Where the government has got it badly wrong on the UK-Australia trade deal

Barry Gardiner
© UK Parliament/Jessica Taylor

G’day mate!

When it comes to Australia, it seems the place just cannot stay out of the British news. A whitewash in the Ashes series, a ban on Novak Djokovic, and now Liz Truss commandeering her own aircraft to go down under and “advance freedom and democracy around the world” – yes, she really did say that.

But the big Aussie news is not in bats, balls or aircraft – it is in tariff rate quotas, product specific safeguards, and sanitary and phyto-sanitary controls. These are the things that have prompted the NFU, the Livestock Meat Commission and the NI Food and Drink Association to criticise the government for negotiating a trade deal that will damage UK farming, resulting in more food miles and less food security. One Tory MP even said it was as “one-sided” in Australia’s favour as the Ashes series!

It has been more than 40 years since the UK last negotiated its own free trade agreements. The UK-Australia FTA is therefore a benchmark of what is to come. Other countries will look at this deal to gauge what concessions they may be able to extract from the UK when they sit down to thrash out their own deal.

Currently more than a third of the beef we consume in the UK is imported (362,000 tons), but only 4,000 tons of it (1.1% of imports) comes in free of tariff. In year one of the trade deal, Australia will be able to import up to 35,000 tons tariff-free. Within a decade, that figure will be 110,000 tons almost exactly 10% of all the beef we consume each year.

“But that will never happen”, say the government impact assessments: Australian beef exporters get a higher price for their beef in the Asian market than they do from us, so they have no reason to switch their customer base. The mistake is to think it’s about switching. They may decide to increase output to supply both markets. Operating at a profit margin differential in different markets has long been a feature of global supply chains.

The other mistake made by the modelling is to assume that everything else remains the same. Given the current tense state of diplomatic relations between Australia and China, and the various disputes they currently have within the World Trade Organisation, a Chinese shutdown of Australian beef imports could precipitate a crisis for Australian farmers who would be desperate to refocus their exports into the UK.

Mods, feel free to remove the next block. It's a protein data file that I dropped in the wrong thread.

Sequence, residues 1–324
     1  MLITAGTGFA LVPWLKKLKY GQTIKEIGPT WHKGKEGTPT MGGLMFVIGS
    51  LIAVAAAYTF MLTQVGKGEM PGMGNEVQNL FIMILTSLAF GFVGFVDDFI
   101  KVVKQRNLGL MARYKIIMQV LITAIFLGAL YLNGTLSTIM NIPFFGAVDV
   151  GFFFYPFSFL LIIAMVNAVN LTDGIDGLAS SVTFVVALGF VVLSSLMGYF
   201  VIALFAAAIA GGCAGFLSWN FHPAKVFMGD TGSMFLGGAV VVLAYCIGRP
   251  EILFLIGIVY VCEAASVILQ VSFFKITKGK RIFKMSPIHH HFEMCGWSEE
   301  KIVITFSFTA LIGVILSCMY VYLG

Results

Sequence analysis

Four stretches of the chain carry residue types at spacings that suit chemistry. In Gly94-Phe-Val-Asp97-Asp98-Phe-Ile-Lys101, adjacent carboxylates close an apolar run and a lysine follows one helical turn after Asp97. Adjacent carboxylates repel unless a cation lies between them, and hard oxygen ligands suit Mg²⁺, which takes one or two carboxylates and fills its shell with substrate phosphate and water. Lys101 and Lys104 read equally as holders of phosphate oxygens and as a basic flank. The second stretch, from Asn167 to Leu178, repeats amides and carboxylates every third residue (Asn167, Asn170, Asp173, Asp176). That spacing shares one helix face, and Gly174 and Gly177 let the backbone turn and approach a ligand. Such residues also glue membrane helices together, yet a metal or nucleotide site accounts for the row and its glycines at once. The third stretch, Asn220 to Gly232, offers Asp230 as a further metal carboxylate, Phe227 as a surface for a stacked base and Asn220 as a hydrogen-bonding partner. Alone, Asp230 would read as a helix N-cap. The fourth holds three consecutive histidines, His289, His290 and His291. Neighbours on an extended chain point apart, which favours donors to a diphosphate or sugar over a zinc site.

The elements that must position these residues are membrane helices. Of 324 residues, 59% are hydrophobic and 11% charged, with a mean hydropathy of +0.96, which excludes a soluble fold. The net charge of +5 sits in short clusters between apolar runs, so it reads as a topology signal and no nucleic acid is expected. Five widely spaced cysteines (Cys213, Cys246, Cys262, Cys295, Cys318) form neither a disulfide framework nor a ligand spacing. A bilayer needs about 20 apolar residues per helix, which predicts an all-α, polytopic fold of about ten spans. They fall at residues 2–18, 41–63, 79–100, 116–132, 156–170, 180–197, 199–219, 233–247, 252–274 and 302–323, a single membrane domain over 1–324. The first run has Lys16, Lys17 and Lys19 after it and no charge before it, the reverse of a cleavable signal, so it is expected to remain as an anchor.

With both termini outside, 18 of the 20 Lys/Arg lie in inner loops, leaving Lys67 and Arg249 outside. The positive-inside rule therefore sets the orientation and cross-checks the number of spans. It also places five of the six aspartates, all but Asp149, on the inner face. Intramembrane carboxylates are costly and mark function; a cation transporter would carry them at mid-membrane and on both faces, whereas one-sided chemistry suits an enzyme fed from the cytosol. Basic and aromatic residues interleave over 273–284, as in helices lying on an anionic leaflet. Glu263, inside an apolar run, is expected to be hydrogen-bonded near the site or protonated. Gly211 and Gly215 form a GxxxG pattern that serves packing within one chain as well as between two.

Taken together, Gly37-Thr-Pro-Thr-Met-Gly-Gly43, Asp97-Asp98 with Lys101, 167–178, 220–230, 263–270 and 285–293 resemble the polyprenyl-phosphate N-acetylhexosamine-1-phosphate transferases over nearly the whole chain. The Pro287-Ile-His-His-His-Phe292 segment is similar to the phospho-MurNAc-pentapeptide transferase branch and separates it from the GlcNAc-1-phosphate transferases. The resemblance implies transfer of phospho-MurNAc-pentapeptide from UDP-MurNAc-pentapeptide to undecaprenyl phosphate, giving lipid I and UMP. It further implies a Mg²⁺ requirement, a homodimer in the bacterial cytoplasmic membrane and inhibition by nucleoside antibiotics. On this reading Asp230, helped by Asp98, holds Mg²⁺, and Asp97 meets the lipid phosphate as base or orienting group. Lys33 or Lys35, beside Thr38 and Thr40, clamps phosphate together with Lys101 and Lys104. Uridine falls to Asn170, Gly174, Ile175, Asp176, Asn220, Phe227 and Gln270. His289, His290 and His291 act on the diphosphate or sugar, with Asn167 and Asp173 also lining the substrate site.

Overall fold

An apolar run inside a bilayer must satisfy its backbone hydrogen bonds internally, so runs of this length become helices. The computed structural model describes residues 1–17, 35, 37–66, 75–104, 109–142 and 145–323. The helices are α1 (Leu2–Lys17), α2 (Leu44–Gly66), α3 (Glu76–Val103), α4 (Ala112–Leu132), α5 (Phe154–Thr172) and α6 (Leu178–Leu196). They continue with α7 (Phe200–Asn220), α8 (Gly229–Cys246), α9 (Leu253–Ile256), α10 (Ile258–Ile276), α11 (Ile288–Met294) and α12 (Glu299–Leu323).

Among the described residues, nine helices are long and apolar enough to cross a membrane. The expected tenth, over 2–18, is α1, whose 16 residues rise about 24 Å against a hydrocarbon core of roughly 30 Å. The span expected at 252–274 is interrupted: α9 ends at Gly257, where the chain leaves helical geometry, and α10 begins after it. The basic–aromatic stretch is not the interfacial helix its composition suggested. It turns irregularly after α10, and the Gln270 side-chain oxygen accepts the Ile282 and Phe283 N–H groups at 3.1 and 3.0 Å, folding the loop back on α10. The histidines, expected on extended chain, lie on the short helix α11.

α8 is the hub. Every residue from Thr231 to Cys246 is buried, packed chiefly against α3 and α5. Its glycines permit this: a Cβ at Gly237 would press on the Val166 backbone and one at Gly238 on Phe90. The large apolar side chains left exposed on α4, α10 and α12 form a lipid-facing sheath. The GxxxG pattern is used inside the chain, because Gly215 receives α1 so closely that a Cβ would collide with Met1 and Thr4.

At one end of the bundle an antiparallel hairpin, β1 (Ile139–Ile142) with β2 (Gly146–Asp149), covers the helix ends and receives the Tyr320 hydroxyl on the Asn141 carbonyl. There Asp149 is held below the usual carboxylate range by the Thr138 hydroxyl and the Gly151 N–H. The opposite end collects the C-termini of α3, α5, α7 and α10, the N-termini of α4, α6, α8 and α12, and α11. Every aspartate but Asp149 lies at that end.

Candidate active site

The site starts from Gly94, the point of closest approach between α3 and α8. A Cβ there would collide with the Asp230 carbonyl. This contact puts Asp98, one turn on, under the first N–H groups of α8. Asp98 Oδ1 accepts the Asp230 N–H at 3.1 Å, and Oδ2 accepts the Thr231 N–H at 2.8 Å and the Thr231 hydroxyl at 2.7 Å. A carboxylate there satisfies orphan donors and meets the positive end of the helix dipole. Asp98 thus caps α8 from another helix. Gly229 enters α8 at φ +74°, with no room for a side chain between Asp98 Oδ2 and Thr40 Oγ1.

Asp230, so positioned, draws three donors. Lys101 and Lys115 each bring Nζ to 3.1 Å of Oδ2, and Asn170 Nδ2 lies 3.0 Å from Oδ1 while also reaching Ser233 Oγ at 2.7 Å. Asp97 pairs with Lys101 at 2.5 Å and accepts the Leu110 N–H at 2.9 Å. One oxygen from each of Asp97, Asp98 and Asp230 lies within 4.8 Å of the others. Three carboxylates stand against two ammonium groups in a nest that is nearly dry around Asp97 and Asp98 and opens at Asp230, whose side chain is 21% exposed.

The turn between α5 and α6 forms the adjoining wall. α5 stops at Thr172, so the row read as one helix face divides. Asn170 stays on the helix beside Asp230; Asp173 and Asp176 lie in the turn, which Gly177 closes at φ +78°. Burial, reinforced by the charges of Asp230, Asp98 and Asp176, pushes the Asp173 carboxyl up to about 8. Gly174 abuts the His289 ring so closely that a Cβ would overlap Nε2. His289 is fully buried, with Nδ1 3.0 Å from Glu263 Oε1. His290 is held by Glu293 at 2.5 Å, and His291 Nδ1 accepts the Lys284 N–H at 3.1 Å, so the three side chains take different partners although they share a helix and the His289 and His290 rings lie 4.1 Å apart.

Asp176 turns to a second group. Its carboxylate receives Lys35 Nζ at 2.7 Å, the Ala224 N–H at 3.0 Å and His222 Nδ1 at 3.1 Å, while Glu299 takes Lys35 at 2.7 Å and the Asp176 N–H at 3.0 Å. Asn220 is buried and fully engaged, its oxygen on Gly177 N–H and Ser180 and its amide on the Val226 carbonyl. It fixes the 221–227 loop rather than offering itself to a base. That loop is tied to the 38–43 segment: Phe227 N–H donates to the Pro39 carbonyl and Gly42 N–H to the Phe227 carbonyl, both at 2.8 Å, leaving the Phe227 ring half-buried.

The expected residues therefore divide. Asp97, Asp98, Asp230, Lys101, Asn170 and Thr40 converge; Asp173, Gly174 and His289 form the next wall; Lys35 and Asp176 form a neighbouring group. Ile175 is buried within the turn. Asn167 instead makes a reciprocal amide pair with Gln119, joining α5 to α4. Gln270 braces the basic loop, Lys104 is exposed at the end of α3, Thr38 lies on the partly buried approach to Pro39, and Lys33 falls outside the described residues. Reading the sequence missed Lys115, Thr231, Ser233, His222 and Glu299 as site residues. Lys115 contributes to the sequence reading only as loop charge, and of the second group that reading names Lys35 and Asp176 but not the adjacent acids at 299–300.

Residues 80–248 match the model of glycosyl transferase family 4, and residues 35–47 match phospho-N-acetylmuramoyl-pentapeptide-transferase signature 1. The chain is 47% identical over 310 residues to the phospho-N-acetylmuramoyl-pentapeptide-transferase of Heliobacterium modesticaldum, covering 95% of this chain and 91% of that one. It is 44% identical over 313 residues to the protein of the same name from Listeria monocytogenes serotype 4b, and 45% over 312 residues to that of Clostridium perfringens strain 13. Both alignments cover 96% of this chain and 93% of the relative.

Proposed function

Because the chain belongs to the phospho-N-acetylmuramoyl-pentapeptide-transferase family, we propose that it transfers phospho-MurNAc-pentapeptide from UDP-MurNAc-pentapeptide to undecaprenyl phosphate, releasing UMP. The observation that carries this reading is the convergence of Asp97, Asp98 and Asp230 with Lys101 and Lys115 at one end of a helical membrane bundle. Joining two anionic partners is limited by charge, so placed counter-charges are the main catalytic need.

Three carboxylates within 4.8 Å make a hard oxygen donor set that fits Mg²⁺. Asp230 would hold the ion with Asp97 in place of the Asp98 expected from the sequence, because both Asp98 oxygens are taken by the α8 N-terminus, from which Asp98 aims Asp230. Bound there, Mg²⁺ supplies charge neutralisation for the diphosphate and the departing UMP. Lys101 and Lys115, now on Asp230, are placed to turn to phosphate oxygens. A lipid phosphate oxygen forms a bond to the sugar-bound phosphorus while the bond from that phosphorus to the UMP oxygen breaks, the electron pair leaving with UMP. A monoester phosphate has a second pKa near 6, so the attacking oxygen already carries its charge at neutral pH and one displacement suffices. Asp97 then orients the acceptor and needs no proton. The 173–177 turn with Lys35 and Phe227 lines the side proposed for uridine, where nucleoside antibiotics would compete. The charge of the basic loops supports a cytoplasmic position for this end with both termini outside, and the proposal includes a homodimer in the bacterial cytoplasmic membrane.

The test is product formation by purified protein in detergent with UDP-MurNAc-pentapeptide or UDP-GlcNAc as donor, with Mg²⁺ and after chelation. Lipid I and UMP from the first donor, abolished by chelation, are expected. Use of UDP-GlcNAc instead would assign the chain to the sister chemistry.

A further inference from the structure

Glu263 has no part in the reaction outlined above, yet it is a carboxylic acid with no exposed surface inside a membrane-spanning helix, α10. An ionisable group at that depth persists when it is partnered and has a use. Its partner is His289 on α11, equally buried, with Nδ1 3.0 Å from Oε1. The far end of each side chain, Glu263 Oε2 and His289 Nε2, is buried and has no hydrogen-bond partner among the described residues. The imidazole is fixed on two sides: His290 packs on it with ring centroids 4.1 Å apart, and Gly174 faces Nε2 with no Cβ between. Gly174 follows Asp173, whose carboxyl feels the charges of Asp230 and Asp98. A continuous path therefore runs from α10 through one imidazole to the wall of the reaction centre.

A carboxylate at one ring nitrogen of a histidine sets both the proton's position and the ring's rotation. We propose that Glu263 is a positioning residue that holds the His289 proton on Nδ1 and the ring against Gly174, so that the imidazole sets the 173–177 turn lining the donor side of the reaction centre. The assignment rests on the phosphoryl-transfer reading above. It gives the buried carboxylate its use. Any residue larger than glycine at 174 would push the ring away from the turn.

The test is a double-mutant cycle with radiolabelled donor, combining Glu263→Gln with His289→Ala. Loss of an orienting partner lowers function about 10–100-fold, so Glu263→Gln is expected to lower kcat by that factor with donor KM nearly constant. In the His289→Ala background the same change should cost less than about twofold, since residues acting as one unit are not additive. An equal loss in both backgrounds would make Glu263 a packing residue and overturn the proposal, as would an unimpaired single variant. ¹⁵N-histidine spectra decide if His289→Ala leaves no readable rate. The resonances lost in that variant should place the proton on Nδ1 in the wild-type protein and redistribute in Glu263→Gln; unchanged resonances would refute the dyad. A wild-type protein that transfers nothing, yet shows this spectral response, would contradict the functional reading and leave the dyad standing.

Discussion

Farming in Australia is about scale and NFU president Minette Batters has warned that the prospect of their farming firepower being unleashed on the UK market could result in “the slow withering death of family farms” here in the UK. Perhaps the clearest example of this is in their national flock of sheep. Currently rebuilding from a historic low, it still has 68 million, and that is projected to rise to about 104 million when fully restocked. 40% of our sheep production in the UK is from small family-based upland farms, where profit margins are tight. Yet in the next decade this market will be opened up, tariff-free, to Australian sheep farmers.

Competing toe-to-toe against livestock produced at high volume and finished on a pasture-based system will not only put unsustainable pressure on these family farms, it could damage the whole of the UK tourism industry. The landscapes of the Lake District and the Yorkshire Dales have been fashioned over centuries by sheep. To think they will remain the same when the sheep are gone is fanciful.

Eat breakfast before reading the next two paragraphs – because the Australian’s attitude to animal welfare is not quite the same as ours either. They feed their pork with ractopamine, which causes severe cardiovascular stress in the animals and can cause similar health problems for people consuming the meat. So Australian pork will not legally enter the UK market under the trade deal. But there are other issues of animal welfare and environmental policy that this trade deal has simply failed to address. The RSPCA has a long list, from hot branding to the lack of slaughterhouse CCTV. The most controversial, though, is “mulesing”.

Mulesing is where at six months the lamb’s buttocks and the whole area around its anus are literally skinned alive with a pair of shears. This is done so when the scar tissue forms, no wool grows in that area which might collect faeces and attract fly strike infection. Often, the process is conducted without any anaesthetic! Yes, there are alternatives. And we do not allow mulesing in the UK, but there is no requirement for Australian meat imports to meet our animal welfare or antibiotic use standards.

Australia is also the second largest exporter of raw sugar in the world. Here in the UK, we produce 50% of our own consumption from our beet growers, and previously imported the balance equally from beet farmers in the EU and cane farmers from the Caribbean and least-developed countries. The government’s own impact assessment admits that the displacement effect of Australian cane sugar being able to come into the UK market tariff-free might not only impact on our beet farmers, but could see preference erosion of African and other LDC producers: Guyana is projected to lose £21.3m; Belize £24.3m.

The lesson here is that trade policy must be integrated with our development policies, our stance on human rights and social justice, and our environmental and animal welfare policies. This is why I developed Labour’s ‘just trading’ principles and launched them at the World Trade Organisation in Geneva back in 2018. I haven’t heard them referred to recently, but it would be good to know that the Labour frontbench is still committed to them.

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